My scholarship is located within the sociological subfields of sexualities, sex/gender, and inequalities. My research focuses on contemporary lesbian, gay, bisexual, transgender, and queer-identified (LGBTQ) people’s identities and communities. I draw upon the theoretical frameworks of social constructionism, queer theory, and intersectionality to explore how competing understandings of gay/queer identity (including transgender identity) are experienced by LGBTQ people at a diversity of intersections in a variety of contexts.
For my dissertation project, “Old, Gray, and Gay: LGBTQ Aging and Identity,” I conducted life history interviews with 60 self-identified LGBTQ elders. Whereas most research on gay/queer aging operates within a deficiency framework, comparing LGBTQ elders to their heterosexual counterparts, my research asks what meanings LGBTQ elders construct for their identities and how these change with aging. Through recruitment of a diverse sample, I further explore how intersectional identities like gender, race, and geography shape the lifetime experience of LGBTQ identities. My data collection was supported by a competitive internal grant, the Nicholas Babchuk Graduate Student Research Award.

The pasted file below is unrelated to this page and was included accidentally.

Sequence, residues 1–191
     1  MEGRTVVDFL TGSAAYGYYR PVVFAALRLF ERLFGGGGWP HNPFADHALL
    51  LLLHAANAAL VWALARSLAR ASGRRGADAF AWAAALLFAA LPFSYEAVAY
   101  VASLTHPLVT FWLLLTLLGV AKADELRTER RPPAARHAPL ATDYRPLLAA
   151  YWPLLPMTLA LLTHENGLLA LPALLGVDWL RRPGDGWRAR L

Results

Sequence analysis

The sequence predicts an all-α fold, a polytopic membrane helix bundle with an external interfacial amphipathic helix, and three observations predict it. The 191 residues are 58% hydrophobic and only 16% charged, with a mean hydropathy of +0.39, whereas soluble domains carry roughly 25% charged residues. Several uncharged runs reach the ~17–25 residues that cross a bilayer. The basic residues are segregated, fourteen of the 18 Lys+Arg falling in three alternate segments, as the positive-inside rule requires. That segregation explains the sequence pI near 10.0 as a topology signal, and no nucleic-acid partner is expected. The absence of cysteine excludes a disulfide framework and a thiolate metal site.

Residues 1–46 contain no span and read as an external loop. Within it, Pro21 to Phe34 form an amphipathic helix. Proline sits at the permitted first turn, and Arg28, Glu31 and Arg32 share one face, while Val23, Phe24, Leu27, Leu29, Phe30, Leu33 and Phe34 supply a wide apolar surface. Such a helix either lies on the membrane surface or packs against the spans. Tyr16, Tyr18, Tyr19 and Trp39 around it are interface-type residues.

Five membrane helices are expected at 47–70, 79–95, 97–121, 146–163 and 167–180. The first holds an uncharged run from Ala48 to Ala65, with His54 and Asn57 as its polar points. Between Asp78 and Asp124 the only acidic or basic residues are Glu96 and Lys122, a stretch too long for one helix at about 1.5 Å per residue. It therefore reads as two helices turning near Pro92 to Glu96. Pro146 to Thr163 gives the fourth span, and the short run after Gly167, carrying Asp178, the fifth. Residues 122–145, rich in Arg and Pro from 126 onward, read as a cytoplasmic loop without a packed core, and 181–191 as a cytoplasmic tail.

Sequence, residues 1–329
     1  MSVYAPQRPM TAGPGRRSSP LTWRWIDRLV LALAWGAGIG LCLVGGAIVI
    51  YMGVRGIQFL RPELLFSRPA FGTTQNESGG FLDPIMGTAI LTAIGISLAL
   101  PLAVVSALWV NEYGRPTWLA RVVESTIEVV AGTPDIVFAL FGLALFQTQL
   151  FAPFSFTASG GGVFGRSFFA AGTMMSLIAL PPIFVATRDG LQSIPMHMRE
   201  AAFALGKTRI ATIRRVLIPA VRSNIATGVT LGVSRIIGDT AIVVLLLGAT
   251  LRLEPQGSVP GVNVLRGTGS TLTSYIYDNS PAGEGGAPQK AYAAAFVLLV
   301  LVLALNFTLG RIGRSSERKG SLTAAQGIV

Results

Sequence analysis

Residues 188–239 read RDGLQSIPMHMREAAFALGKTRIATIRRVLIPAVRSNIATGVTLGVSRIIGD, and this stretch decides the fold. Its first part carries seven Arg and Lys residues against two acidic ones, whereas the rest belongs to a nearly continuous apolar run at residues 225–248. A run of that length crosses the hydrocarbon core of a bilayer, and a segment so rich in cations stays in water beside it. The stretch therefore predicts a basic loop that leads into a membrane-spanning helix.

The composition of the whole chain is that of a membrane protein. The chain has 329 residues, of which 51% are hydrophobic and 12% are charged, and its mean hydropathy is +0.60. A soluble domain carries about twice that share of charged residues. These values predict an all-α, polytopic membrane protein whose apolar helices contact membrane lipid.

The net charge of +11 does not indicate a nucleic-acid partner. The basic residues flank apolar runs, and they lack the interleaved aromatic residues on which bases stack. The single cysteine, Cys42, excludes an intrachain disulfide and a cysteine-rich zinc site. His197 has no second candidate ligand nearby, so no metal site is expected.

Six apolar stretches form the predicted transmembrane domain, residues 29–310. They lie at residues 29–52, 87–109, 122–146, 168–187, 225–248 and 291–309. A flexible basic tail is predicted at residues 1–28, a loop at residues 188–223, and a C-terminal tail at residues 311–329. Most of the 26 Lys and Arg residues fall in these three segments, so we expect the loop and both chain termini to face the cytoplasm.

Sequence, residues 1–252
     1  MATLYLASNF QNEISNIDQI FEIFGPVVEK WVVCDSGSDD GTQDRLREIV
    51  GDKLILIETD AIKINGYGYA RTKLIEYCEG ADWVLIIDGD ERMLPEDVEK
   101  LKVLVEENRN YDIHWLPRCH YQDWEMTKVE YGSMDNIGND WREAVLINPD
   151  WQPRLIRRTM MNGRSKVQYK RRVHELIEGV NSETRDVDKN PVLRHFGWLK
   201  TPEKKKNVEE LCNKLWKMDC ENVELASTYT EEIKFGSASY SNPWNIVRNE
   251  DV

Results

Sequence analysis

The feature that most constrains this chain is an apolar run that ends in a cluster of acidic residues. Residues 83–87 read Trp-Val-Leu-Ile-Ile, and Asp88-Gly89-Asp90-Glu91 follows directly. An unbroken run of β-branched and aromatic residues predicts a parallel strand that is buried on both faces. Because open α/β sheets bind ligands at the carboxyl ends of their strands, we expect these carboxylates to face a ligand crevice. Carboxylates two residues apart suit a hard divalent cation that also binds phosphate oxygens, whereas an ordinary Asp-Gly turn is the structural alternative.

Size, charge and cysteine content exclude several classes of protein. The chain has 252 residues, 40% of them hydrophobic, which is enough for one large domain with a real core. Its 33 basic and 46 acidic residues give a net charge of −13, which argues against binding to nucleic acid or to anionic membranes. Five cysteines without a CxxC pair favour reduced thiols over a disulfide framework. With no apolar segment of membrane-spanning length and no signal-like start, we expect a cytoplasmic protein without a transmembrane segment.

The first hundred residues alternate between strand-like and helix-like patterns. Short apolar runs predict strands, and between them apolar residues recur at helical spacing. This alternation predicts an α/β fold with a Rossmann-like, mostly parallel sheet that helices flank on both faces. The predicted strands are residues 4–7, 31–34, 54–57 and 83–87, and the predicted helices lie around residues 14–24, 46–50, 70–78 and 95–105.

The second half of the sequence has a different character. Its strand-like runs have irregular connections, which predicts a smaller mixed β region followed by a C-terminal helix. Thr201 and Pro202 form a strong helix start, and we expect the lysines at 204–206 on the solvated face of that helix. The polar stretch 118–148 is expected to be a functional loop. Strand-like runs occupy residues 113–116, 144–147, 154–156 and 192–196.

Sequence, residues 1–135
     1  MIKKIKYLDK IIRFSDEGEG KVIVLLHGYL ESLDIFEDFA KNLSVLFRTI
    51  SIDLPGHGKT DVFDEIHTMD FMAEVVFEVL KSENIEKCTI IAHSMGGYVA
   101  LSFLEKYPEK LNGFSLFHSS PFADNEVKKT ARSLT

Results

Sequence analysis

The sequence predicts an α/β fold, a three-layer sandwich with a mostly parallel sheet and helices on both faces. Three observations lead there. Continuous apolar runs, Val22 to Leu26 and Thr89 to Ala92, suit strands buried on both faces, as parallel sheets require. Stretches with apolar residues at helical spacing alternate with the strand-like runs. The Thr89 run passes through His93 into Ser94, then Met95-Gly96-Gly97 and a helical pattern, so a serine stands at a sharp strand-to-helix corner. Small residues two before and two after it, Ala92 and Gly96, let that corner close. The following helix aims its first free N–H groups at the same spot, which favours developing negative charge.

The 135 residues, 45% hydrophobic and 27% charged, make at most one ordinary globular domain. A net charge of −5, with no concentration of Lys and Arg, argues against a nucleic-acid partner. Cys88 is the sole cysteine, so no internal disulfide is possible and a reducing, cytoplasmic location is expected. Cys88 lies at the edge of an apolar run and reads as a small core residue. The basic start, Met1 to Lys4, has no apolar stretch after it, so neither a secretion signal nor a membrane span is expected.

The other strand of my scholarship explores transgender (trans) identities and communities independent of the larger LGBTQ umbrella. In my publication in the Journal of Homosexuality, “‘What Has Kept Me Alive:’ Transgender Communities and Support,” I use in-depth interviews with transgender people living in “Townsville” to examine the support LGBTQ communities provide to trans members. By concentrating on the contexts in which support occurs, my study adds to trans studies and sexualities scholarship concerned with how LGBTQ people experience LGBTQ communities. A related project (with Emily Kazyak and Kelsy Burke) uses data collected on the 2018 Nebraska Annual Social Indicators Survey (NASIS) to explore the underlying logics Nebraskans use to justify their opinion on transgender bathroom use. Our paper is forthcoming in Socius. My future research will continue to expand scholarship on LGBTQ elders and the ways LGBTQ people construct their sexual identities amongst competing, changing meanings.